Late-race tangle with Andretti spoils strong outing by Hunter-Reay

Marco Andretti, left, and Ryan Hunter-Reay collide in the closing laps at Texas Motor Speedway. AP Photo/Matt Slocum

FORT WORTH, Texas -- A small crowd of well-wishers gathered around Rahal Letterman Racing's transporter Saturday night in the immediate aftermath of the Bombardier Learjet 550 at Texas Motor Speedway.

They were waiting for driver Ryan Hunter-Reay, who turned in an outstanding performance before a crash with just six laps remaining in the 228-lap contest ended his race.

"I'm never renting another movie from Blockbuster," said one man, making reference to the sponsor of Marco Andretti's car. Andretti was the other driver involved in the two-car wreck that wiped out what would have been a career-best finish in the IndyCar Series for the 27-year-old Floridian.

Hunter-Reay qualified 10th but moved up to third place after the first round of pit stops. He rarely ran any further back in the field after that in what was his most convincing performance to date in the IndyCar Series.

The two-time winner in the Champ Car World Series joined Bobby Rahal's IndyCar team in mid-2007 and helped RLR end the season on a high note with a series of top-seven finishes.

As Saturday night's Texas race drew to a close, Andretti and Hunter-Reay got together entering Turn 3 on the ultra-fast TMS oval, sending both Dallara-Hondas into the SAFER Barrier. Andretti got the worst of it physically, limping away with bruised knees and an injured right foot.

But Hunter-Reay was hurting too as he struggled to find the words to describe what had happened.

"It's real unfortunate," he said quietly. "I had been running side by side with all the frontrunners all night. Marco just crowded me on the way in there. I unfortunately should have just held my line and driven into him. We would have ended up the same way. But I went down onto the apron trying to avoid him."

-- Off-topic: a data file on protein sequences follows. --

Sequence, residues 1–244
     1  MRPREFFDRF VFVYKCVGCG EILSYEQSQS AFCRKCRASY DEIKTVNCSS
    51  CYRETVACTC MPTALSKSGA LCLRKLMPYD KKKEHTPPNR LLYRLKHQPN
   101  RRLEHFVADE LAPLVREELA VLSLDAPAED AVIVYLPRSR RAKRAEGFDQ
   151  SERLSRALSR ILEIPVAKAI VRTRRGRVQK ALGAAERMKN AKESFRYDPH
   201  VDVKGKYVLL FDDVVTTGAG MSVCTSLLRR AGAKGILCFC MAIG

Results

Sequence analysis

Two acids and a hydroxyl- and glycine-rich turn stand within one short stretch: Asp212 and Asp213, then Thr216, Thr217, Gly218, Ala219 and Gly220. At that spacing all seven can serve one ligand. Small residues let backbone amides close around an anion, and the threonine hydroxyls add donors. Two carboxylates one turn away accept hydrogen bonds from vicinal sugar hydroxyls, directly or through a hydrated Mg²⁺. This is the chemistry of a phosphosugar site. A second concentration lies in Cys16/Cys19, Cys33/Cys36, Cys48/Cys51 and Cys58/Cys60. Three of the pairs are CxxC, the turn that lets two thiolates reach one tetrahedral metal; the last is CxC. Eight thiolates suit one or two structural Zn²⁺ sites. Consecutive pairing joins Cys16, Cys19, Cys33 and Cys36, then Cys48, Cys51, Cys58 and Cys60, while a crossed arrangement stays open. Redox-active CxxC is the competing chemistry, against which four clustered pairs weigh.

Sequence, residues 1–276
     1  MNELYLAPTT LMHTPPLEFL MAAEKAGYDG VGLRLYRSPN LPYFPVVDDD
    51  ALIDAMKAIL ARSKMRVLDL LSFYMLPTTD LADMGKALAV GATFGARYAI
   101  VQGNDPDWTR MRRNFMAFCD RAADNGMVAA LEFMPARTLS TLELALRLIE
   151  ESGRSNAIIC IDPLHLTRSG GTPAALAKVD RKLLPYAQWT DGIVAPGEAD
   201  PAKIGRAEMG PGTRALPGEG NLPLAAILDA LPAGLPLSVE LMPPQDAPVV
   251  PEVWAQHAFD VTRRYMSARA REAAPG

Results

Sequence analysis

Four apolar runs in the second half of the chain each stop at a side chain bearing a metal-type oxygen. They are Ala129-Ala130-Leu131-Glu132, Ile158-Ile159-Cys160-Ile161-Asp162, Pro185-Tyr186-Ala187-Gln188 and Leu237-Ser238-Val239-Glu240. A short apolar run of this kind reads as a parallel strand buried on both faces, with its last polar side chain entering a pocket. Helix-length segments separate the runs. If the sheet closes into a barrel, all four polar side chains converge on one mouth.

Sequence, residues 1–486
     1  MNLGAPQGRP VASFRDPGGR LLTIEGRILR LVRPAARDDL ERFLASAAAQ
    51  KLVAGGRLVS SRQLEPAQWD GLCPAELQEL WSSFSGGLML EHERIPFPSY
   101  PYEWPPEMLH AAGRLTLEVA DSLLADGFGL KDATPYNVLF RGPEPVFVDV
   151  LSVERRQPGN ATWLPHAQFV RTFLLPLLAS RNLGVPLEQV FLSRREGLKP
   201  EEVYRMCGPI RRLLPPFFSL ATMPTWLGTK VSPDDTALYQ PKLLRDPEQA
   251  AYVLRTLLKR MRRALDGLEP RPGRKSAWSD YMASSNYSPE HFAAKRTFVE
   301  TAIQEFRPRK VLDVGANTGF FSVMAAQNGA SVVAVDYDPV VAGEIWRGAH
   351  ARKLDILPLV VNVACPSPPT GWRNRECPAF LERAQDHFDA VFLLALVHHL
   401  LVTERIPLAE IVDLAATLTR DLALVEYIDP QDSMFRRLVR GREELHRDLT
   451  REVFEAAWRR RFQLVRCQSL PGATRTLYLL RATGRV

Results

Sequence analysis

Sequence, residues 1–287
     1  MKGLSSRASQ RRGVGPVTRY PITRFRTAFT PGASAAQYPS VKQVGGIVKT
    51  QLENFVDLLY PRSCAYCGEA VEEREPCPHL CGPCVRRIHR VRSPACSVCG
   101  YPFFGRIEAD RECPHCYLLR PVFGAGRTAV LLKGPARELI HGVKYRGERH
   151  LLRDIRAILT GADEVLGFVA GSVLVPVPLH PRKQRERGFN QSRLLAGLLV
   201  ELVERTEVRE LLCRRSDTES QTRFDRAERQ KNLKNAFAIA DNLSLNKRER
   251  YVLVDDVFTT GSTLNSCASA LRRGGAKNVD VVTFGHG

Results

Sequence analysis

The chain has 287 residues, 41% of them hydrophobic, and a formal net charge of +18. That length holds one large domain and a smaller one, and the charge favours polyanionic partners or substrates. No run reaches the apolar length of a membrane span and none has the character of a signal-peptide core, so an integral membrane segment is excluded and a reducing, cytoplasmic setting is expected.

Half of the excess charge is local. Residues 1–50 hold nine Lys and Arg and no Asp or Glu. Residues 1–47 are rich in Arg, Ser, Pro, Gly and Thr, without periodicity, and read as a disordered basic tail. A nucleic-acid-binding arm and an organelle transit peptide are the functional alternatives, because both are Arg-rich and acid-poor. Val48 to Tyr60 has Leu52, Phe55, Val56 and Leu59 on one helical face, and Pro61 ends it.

Replays showed the cars were very close entering Turn 3, but when Hunter-Reay touched the white line, the rear of his car got unstable and the No. 17 Ethanol council-sponsored car drifted up in to Andretti's No. 26 machine operated by Andretti Green Racing.

"There wasn't even a car width there for me," said Hunter-Reay, who ended up 20th, one spot behind Andretti. "The thing is, had he kept coming down on the straightaway, that would have told me he wanted the inside line and I would have let it go. But he left that door open and then he just turned in pretty early.

"It's a racing incident at 220 mph and it's unfortunate," he continued. "I really feel that had I not been side by side with Marco, I would have been side by side with Dixon and I would have won or finished second in that race."

Not surprisingly, Andretti disputed Hunter-Reay's version of events.

"I feel kind of bad for both of us," he said. "But the fact is there are some guys you can run close with and some guys you can't. He clearly hit the white line and that's that.

"We ran well today, but to me that doesn't matter," Andretti added. "We need to bring home results."

RHR's crash, combined with some bad luck for Vitor Meira and Panther Racing, meant that the IndyCar Series' big three teams (Ganassi Racing, Team Penske and AGR) once again controlled the top six finishing positions.

Meira finished seventh, a lap down after the alternate pit stop strategy that put him in position to lead 38 laps and contend for the win ended up backfiring on the Panther crew.

A Lap 213 full-course caution for Enrique Bernoldi's crash left Meira a lap down just moments after he made his final pit stop. The yellow allowed the rest of the leaders to make it to the finish without stopping again.

"Our car was just awesome when we were running up front," Meira reported. "The team made one fuel-only stop early in the race, so we were about 10 laps off sequence and I was pulling away."

The Andretti/Hunter-Reay crash allowed Meira to move up to seventh place at the flag. "This is another good race for us and another step forward," he said. "The confidence level at Panther is really, really high right now."

Although the race ended with him sitting in the infield medical center, Hunter-Reay took encouragement from Rahal Letterman's effort as well.

"I'm very positive about what we can do, but I don't think we're going to roll out in the top three every weekend," he said. "It's just so hard to break through in this series. Finally we had a breakthrough, but I just can't catch a break."

John Oreovicz covers open-wheel racing for National Speed Sport News and ESPN.com.